If others think you look younger than your true age, you may want to thank your parents.
Researchers from Europe have discovered that a particular gene may be the reason behind that youthful glow. The study authors gathered approximately 2,700 volunteers, showed these men and women (in total) more than 4,000 profile shots, and asked them to guess each person’s age.
Investigators then analyzed the DNA of the adults in the photographs and here’s what they found: The individuals who appeared to be older than their actual age carried the same gene, called MC1R. Genes comes in pairs, so those people who had one version of this gene (43 percent) looked about one year older than those who weren’t carriers. And those who had copies of this gene (6 percent) looked about two years older, which is the similar age gap between smokers and non-smokers.
As for the other approximately 50 percent of people who didn’t have this this gene…they’re just not aging as quickly. Interesting enough, the gene doesn’t seem to be producing extra wrinkles.
And redheads may be the luckiest of them all. Scientists say a variant of this MC1R gene is associated with longevity and is the same gene responsible for red hair and fair skin. Translation: Redheads who look younger may also live longer.
While these findings, which are published in the journal Current Biology, do not provide an explanation as to exactly how this particular gene accelerates aging, the researchers theorize that it may bring about a cluster of elderly traits, such as loose skin, red veins, and age spots.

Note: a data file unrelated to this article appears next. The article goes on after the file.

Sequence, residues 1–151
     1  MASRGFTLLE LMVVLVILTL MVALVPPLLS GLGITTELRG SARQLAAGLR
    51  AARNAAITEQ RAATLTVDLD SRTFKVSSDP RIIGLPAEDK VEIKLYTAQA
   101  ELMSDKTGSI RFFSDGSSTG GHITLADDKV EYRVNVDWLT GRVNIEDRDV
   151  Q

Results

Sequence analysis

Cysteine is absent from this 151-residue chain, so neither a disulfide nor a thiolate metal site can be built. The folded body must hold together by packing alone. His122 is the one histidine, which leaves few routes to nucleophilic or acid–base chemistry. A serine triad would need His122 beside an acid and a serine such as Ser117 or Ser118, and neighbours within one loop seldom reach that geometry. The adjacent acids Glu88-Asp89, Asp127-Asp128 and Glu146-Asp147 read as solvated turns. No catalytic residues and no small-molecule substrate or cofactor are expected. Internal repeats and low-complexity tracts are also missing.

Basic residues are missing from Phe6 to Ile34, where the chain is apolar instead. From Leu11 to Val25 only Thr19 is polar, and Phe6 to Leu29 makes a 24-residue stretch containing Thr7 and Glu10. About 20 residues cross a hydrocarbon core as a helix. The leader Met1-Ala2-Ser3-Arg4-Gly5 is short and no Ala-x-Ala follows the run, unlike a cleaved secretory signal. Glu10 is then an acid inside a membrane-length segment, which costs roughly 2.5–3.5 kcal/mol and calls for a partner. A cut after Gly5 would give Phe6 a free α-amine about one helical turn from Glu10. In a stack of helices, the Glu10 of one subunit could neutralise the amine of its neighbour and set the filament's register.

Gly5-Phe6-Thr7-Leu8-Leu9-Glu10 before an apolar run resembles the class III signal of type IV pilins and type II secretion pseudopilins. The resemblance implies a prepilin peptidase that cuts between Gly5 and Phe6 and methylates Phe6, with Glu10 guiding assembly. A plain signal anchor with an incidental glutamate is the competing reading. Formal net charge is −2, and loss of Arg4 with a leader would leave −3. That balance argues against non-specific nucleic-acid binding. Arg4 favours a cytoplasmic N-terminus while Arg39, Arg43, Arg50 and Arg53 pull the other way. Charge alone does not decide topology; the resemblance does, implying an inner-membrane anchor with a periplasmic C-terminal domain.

“For the first time, a gene has been found that explains in part why some people look older and others younger for their age, study co-author Manfred Kayser, a professor in the Department of Genetic Identification at Erasmus MC University Medical Center in the Netherlands, told The Daily Mail. “Discovering this gene is important because it opens the door for finding more genes, which we know exist and we now know are possible to find.”
“This gene encodes a receptor responsible for the formation of melanin, a brown pigment in skin,” Delphine J. Lee, MD, dermatologist and Director of the Dirks/Dougherty Laboratory for Cancer Research and Department of Translational Immunology at John Wayne Cancer Institute in Santa Monica, CA, tells Yahoo Beauty. “People with a variation of the MC1R make a yellow/reddish (pheomelanin) pigment instead of the brown pigment, which has less UV protection and also may have other effects on pathways that involve oxidative stress.”
Dr. Lee continues that the association of MC1R with aging “leads us to hypothesize that responses to ultraviolet light or oxidative damage is a key factor in a person’s appearance of youth or age.”
David A, Gunn, a scientist at Unilever and a co-author of the study, added that regardless of your genetic makeup, the top three anti-aging tips include staying out of the sun, staying away from cigarettes, and taking care of your pearly whites.